I am delighted to be sharing this interview series with you, where I will be talking to a different woman every fortnight about parenting, motherhood, their daily rhythm and what makes a beautiful childhood. So without further ado, let’s meet the mother…
This week I’d like to welcome Montessori teacher, consultant, and mother of two Beth Wood to Frida be Mighty. Beth is so experienced and knowledgeable, so I am very excited to have her here sharing her wisdom with us. But my favourite thing about Beth and her writing is her obvious commitment to peace, which shines through whenever she writes. I’m sure you will enjoy reading her answers as much as I do…
Can you introduce yourself and your family?
Hello, my name is Beth, I’m a Montessori trained 0-3 and 3-6 Teacher and Montessori Educational Consultant. I’m the mother of two children (Anthony is 18 and Quentin is 6) and my husband is a Psychotherapist. We live on a small island in the Pacific off the west coast of Canada.
Do you have a daily rhythm? What do your days look like?
Having a predictable rhythm is an important part of the Montessori philosophy, and we have two distinct ones: A school day rhythm and a home day rhythm. Each person in our family has a slightly different piece of the rhythm that sort of twists and turns throughout the day, sometimes coming together and sometimes splitting off. Our school days starts with my rhythm first. I wake before 5am to do some morning yoga and mindfulness. This helps me prepare for the teaching day both physically and mentally. My husband wakes around 5am and we wake up Quentin gently. Then I pack school and work lunches while he makes breakfast.
Having small jobs in the morning helps get Quentin’s piece of the rhythm going. He turns on the radio and grinds the coffee. After breakfast he dresses independently and does his Care of Self routine in the bathroom. We are heading out the door to travel to the Montessori school where I teach and he attends (an hour’s drive away) by 6:30am. My husband’s schedule is flexible and his days are never the same. He cleans up the kitchen after Quentin and I are gone and Anthony wakes up at 7:30am to start his piece of the day. He leaves for his school around 8am.
The boys and I are home by 5:30pm. Quentin takes this time to quietly come down from the long day. All children need a point in the day where they can quiet their body and rest even though they are awake. In our house, resting can look like anything from physically resting in his bed to reading to playing with his a LEGO. Anthony and I take this part of the day to connect. After dinner is when each branch of our rhythm comes together again although Anthony will often have extracurriculars or work his part time job. We spend time together in many different ways but screen time isn’t often one of them especially during the school week. Quentin is in bed by 7:30pm and he will read the chapter book he has chosen until he’s ready for sleep. I do the majority of my consultant work at this time of night. This is also when I research/write posts for my website, check in with my staff regarding our social media accounts and prep for the next day in my 3-6 Montessori classroom.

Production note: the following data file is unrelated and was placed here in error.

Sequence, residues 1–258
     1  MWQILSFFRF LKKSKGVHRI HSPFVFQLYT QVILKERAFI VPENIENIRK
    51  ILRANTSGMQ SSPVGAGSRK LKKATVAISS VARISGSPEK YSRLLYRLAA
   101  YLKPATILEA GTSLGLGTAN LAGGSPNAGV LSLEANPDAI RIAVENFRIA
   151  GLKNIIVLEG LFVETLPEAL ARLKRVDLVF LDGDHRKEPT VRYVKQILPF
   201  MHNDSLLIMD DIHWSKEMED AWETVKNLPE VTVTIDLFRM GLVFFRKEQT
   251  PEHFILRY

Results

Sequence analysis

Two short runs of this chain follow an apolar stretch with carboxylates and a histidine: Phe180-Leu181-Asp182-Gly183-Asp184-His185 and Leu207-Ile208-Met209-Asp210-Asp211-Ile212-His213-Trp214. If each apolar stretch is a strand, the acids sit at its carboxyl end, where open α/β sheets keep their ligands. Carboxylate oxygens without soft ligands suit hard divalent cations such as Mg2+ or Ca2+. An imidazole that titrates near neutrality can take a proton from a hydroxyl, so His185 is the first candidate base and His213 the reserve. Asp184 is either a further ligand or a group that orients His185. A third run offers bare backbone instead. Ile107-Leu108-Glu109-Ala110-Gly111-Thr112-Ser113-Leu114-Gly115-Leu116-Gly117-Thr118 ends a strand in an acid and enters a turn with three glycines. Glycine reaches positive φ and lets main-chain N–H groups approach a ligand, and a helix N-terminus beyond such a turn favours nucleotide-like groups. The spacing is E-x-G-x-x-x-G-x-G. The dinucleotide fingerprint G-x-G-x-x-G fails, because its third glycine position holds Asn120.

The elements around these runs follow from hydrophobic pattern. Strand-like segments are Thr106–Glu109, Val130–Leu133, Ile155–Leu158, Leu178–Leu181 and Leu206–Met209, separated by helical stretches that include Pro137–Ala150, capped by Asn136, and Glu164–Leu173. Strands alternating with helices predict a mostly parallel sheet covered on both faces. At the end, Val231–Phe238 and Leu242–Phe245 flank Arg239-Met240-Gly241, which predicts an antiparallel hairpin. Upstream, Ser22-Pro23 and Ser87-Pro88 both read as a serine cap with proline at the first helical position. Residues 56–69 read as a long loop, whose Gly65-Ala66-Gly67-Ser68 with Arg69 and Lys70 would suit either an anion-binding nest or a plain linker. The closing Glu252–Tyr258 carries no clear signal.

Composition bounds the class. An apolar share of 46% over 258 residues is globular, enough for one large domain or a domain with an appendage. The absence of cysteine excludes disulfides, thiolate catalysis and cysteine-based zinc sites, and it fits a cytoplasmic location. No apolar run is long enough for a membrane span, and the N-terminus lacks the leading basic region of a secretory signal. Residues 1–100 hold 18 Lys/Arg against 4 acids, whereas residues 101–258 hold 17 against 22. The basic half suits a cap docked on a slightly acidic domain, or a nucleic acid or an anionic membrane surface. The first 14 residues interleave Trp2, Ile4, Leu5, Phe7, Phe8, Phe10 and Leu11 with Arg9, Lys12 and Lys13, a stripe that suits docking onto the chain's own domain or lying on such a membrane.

Our home day rhythm is much different. We keep Quentin home from school on Mondays and we have Saturdays and Sundays off. We eat breakfast together and then Quentin and I will spend some time in his Montessori space working on something together at his request. The day has a natural rhythm of meal together, independent activities and an outing, then noon meal together and quiet reading together. Then back to doing some independent activities (or he will opt to work with me in the gardens or around the house until dinner and then bath and bed.
Are there any philosophies or books which have influenced your approach to parenting?
Montessori is the only philosophy we have ever needed. It encompasses gentle parenting, respect of the child and follows a child’s natural social-neurological development.
The following is the list of books I recommend to all my school and family consulting clients. These are my absolutely necessary ones.
- “Understanding the Human Being” – Silvana Montanaro (birth-3)
- “The Montessori Toddler” – Simone Davies
- “The Joyful Child” series by Susan Mayclin Stephenson (birth-3; 3-12)
- And for parents of children in an authentic Montessori Elementary classroom “Children of the Universe” – Michael Duffy
On your website you say: “Montessori is not just school for us. It is our life.” With you a Montessori teacher and consultant, one son graduated from Montessori, and the other still at Montessori school, I can imagine that is very true! What have been some of the benefits of living a Montessori life to you as a family?